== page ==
Friday, November 24, 2006

The turmoil in newspapers is matched by the turmoil in advertising. An interesting story on Poynter by Rick Edmonds talks about how ad agencies are scrambling to meet changing consumer habits:

Advertising change will affect us more than anything else. Put on those seatbelts!


The New York Times is beta testing a way to get the "paper" over the internet using a Microsoft program. See NYTimes Firstlook

This looks similar to Adobe's Digital Editions:

These multimedia pdf readers will rock our world when good electronic books, maybe with OLED screens, become available. I think this approach, which allows us to "publish" pages electronically with advertising like our current newsprint product, will be the future for newspapers.


Gannett is changing all 89 of their local newsrooms to 24/7 online operations.
See this E&P story: info center


The Washington Post is tossing their newsroom into a blender to try to get a new media staff out of the result. See this E&P story: Post restructure

The New York Times is moving in the same direction: Jill Abramson, managing editor, says this in her 'Talk to the Newsroom' blog entry: "We've had to make some sacrifices and postpone some hiring, and currently we are working on a project that will result in efficiencies across our different platforms, including, the largest newspaper Web site, and the International Herald Tribune. Integrating our news operations across platforms not only makes budgetary sense, but also journalistic sense. It is about managing our news assets smartly for the future."


Again from E&P, a very interesting story on a Columbia University discussion on the prognosis of old media: old media . The Wall Street Journal Online's Bill Grueskin is paraphrased thusly: "The revenue importance of unique page visits has forced editors to change the way they produce stories. A reader will not click on twenty stories, he said, but they might click on twenty pictures. "

Yeah, baby -- we photogs will be running the show soon!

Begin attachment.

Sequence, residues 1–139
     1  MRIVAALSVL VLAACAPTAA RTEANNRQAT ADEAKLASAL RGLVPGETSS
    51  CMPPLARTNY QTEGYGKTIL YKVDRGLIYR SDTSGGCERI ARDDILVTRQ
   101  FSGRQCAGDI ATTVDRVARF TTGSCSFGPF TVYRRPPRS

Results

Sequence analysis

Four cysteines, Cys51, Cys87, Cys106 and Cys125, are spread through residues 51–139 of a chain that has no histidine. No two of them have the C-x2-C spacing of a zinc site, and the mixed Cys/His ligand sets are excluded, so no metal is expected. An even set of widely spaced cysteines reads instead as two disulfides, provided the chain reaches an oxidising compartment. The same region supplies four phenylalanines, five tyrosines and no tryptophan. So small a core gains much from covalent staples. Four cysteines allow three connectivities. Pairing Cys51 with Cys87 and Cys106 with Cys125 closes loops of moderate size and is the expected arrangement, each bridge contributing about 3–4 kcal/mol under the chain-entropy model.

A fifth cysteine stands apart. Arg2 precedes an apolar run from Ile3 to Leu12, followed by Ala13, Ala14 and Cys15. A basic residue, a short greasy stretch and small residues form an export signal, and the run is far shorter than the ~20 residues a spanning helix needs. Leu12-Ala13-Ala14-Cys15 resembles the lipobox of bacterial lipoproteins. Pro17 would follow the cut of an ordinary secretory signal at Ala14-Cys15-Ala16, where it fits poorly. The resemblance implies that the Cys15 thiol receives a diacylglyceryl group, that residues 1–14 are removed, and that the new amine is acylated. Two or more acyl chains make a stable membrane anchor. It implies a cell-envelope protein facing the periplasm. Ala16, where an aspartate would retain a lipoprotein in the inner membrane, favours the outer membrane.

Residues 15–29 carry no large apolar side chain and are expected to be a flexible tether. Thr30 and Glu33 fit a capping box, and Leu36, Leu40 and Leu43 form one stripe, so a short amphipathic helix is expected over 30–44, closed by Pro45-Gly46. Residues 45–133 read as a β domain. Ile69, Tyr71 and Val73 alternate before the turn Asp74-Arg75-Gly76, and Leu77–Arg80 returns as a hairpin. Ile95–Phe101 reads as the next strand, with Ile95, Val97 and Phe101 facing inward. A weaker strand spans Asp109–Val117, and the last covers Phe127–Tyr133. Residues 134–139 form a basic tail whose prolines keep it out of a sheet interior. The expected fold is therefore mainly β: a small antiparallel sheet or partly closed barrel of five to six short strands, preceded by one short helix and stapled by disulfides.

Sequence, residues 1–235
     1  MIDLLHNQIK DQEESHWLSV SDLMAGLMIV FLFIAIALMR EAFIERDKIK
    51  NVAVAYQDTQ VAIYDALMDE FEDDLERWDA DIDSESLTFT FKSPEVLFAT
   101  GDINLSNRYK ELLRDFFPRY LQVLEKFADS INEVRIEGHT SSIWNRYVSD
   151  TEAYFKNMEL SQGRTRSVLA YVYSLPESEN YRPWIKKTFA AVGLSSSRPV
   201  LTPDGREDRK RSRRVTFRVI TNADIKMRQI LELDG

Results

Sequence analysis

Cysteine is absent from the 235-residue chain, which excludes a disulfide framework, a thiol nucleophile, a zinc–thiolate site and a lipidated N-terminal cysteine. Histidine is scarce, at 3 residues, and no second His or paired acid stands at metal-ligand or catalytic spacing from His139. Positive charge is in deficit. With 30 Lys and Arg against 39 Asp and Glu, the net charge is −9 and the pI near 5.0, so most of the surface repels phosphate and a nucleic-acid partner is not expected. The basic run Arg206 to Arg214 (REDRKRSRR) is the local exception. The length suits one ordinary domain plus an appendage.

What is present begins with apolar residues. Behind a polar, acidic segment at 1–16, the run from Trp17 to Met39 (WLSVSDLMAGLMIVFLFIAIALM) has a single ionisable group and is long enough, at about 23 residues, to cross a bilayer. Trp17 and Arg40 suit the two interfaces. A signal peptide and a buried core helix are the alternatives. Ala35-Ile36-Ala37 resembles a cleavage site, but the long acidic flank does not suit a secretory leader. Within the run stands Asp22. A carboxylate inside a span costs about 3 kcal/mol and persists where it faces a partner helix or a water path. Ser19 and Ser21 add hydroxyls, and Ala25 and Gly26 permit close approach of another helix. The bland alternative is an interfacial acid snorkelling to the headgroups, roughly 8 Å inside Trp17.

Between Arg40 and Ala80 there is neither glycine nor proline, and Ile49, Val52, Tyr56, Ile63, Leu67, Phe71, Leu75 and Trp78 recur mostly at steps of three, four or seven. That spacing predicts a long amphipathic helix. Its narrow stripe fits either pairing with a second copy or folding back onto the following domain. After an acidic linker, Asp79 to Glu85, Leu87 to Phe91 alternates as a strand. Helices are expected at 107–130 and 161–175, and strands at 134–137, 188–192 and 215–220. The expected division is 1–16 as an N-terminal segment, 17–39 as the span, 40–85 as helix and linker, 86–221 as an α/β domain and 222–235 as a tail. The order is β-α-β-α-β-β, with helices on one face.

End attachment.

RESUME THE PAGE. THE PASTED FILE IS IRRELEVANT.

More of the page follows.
Here's a story from Digital Content Producer about the San Jose Mercury News' photo site. It says the site had 100,000 visitors "last month":


Tuesday, November 21, 2006

Steady, there!

Across the country newspapers are trying to do video with no budgets. A consumer handycam, Windows Movie Maker or iMovie, and a whole bunch of extra work on the staff photogs, and suddenly the Podunk News has gone Hollywood.

But the video produced is shaky in more ways than one. You need support.

But that's another topic -- I'm talking about camera support here.

As for tripods, you get what you pay for. One of the cheapest fluid head tripods with leveling is the Libec LS22 and it's around $400. I bought one and it's the best you'll get for $400, but I don't recommend it. You really need to spend more than that to get smooth movement. You might have to be satisfied with a decent still tripod and give up on pans while shooting if your budget is less than that. Bogen/Manfrotto has a really inexpensive video head, the 700RC2, which will go on any tripod and is sorta smooth. It's a friction head (even though they call it a fluid head) and is probably the best for under $100 if you already have a decent tripod to put it on. It won't give you leveling, though, and it doesn't stay smooth in daily use.

To get the kind of movement you see on TV, you need to spend upwards of $1500 on a tripod.

Happy Holiday

Ok, gang -- I know we newspaper people are in the throes of the Christmas frenzy, with huge papers to fill for the next month. The busiest time of year for a newspaper photog -- sports out the wazoo, community activities to cover; holiday food shoots; santas and elves; spot news to cover as ice and clogged chimneys create mayhem for you poor suckers up north..... etc. etc. etc......

I'm here to gloat.

The news hole on the web is the same now as it was in July. Our web traffic drops way down on weekends and holidays. I'm taking Thanksgiving off. Never thought I'd see the day.

At least there's some advantage to this newspaper 2.0 stuff.....